- Genius Bonus:
- Patrick gives detailed descriptions of each character's clothes, including brand names and prices. Readers who are extremely knowledgeable about 80's fashion will notice that the outfits are clownishly mismatched.
- There's a similar gag involving the food at the various restaurants, which go from outrageous but plausible (red snapper pizza) to outright inedible (mud soup and charcoal arugula).
- Technology Marches On: Patrick's state-of-the-art home entertainment toys seem a bit quaint when read now.
- Write Who You Know: Ellis has described Bateman as being based on his father.
- Actor-Shared Background: Patrick once justifies his assumption that Elizabeth is a lesbian by reminding her that she went to Sarah Lawrence. Guinevere Turner (who plays Elizabeth) is a lesbian, and really did go to Sarah Lawrence.
- Creator Cameo: Elizabeth, Patrick's very drunk (supposed) friend, who has a threesome with him and Christie in his apartment and who he kills, shortly before killing Christie herself, is played by the film's co-screenwriter, Guinevere Turner.
- Dyeing for Your Art: Christian Bale worked out constantly to achieve the buff, narcissistic look a person like Bateman would have.
- Fake American: Christian Bale, a Wel-English actor, played Patrick Bateman in the film. He spoke in an American accent at all times, and was so convincing and thorough with it that when he spoke in his normal English accent at the film's wrap party, everyone was surprised since they genuinely thought he was American.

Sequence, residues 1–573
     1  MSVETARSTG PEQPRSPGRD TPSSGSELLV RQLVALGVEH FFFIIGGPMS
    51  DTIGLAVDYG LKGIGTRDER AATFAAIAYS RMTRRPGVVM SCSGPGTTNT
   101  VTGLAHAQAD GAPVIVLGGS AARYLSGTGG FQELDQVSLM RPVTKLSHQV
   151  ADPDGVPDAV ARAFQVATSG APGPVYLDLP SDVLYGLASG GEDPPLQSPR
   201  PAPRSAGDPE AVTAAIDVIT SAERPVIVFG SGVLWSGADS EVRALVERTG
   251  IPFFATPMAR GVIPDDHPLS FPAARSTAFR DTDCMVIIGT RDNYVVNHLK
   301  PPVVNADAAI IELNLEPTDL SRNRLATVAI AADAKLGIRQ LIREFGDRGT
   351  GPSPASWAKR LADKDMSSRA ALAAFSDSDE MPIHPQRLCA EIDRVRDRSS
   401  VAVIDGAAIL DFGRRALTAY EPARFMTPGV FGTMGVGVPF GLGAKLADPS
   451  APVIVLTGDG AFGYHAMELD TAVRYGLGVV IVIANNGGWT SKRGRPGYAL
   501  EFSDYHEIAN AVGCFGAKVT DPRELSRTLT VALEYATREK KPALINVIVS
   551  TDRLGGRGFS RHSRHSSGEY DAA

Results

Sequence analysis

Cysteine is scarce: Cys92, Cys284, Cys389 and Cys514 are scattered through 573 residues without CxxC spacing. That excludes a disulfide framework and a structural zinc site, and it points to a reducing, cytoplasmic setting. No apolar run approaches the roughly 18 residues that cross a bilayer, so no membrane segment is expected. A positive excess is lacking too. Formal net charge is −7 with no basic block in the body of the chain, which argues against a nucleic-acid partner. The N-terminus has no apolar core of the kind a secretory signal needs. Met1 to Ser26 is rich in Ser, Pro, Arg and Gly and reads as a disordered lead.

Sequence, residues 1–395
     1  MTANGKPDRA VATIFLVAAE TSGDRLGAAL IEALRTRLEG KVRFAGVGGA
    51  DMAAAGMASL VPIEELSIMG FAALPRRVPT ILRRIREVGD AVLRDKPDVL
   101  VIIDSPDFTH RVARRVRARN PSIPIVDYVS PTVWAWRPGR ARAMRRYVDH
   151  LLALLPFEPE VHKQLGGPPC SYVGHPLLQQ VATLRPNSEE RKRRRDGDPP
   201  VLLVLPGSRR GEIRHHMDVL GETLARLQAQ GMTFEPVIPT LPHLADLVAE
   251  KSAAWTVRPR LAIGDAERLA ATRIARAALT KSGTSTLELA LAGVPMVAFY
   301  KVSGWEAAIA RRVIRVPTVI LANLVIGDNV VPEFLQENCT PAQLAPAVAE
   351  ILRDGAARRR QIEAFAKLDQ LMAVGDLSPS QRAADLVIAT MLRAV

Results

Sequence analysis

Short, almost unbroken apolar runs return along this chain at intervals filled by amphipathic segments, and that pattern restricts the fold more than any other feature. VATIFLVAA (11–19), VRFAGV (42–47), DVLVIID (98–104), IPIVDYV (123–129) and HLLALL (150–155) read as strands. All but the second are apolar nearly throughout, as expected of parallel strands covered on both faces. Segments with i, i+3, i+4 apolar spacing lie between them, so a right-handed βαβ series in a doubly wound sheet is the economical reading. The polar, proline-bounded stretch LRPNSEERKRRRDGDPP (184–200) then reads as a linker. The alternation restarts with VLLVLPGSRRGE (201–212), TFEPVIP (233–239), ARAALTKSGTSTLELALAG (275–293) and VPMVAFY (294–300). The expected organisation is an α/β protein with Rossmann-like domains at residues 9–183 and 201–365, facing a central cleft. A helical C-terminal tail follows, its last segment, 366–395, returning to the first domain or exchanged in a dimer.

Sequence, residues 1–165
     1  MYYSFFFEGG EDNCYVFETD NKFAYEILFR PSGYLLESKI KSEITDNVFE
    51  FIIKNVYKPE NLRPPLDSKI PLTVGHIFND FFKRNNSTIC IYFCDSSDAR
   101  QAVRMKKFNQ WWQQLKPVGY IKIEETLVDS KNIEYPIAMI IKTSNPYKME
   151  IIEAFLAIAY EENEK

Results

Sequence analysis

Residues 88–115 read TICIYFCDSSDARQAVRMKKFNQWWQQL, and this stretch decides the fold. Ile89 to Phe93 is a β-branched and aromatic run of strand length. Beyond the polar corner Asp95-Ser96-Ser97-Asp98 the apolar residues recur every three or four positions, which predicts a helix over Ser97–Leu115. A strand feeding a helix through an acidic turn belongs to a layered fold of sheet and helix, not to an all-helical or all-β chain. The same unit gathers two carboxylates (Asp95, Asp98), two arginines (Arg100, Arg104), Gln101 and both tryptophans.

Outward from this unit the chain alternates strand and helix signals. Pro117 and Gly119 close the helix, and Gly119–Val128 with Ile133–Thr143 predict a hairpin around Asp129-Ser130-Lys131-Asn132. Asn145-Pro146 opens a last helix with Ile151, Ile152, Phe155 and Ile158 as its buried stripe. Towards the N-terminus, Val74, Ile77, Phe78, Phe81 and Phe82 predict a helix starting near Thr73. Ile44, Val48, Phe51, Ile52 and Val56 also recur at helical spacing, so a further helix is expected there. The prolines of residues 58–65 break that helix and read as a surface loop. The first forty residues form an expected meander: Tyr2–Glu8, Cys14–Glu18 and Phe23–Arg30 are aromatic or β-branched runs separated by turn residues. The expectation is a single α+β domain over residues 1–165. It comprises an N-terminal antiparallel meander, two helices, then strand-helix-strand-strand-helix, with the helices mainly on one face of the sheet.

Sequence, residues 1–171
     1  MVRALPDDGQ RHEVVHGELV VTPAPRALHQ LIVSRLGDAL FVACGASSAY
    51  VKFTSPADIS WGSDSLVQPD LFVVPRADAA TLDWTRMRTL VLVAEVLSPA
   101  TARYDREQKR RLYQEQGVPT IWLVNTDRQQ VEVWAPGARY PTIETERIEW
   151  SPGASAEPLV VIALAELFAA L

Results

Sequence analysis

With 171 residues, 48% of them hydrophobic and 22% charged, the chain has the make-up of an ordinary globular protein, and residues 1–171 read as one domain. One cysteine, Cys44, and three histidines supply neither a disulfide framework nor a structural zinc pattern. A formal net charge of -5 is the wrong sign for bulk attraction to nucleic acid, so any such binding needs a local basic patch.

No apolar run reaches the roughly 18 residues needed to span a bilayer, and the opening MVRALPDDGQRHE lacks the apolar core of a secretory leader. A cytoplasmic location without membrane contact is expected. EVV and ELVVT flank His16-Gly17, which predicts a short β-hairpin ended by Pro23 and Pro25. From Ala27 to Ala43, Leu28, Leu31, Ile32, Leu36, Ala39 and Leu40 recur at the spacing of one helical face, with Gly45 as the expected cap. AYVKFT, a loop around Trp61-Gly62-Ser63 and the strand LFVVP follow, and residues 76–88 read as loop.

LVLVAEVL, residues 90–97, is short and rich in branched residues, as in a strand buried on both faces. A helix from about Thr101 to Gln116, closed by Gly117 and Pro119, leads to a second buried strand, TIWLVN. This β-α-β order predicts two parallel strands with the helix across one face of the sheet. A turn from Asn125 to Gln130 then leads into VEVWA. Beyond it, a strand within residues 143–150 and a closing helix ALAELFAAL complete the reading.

- Method Acting: Bale took quite some extremes to invest himself into the character of Bateman. Besides the examples listed above in Dyeing for Your Art and Fake American, Bale also extensively studied the novel, distanced himself from others on set (as Bateman would have), and actually maintained the famous morning routine described at the start of the film.
- Technology Marches On: In the movie, the most visible example is the gigantic cellphone.
- Throw It In: There are two scenes that involved improvisation by Bale that was kept in the movie: the jump-rope scene (Bale crossing his arms was improvised) and the Moonwalk Dance Bateman does, so as to hide his axe, shortly before killing Paul Allen (which was one of the only problems the author of the original novel had with the movie).
- Visible Boom Mic: One casts a reflection off of a CD case in Bateman's office during his 2nd meeting with Detective Kimball.
- What Could Have Been:
- Leonardo DiCaprio was the original actor for Bateman before he had to drop out due to schedule conflicts (primarily, production of The Beach). Imagine what THAT would've been like.
- Edward Norton and Brad Pitt were also initially offered the role.
- At least three screenplays were written: one by Matthew Markwalder, one by Mary Harron and Guinevere Turner, and one by Bret Easton Ellis himself. Harron and Turner's script is what ended up in production.
- Font Anachronism: The business card scene and song number includes a reference to "Comic Sans", which was released 1994 and wasn't around at the time of the events in the musical, taking place in the late 1980's.
- Playing Against Type: Matt Smith as Patrick Bateman.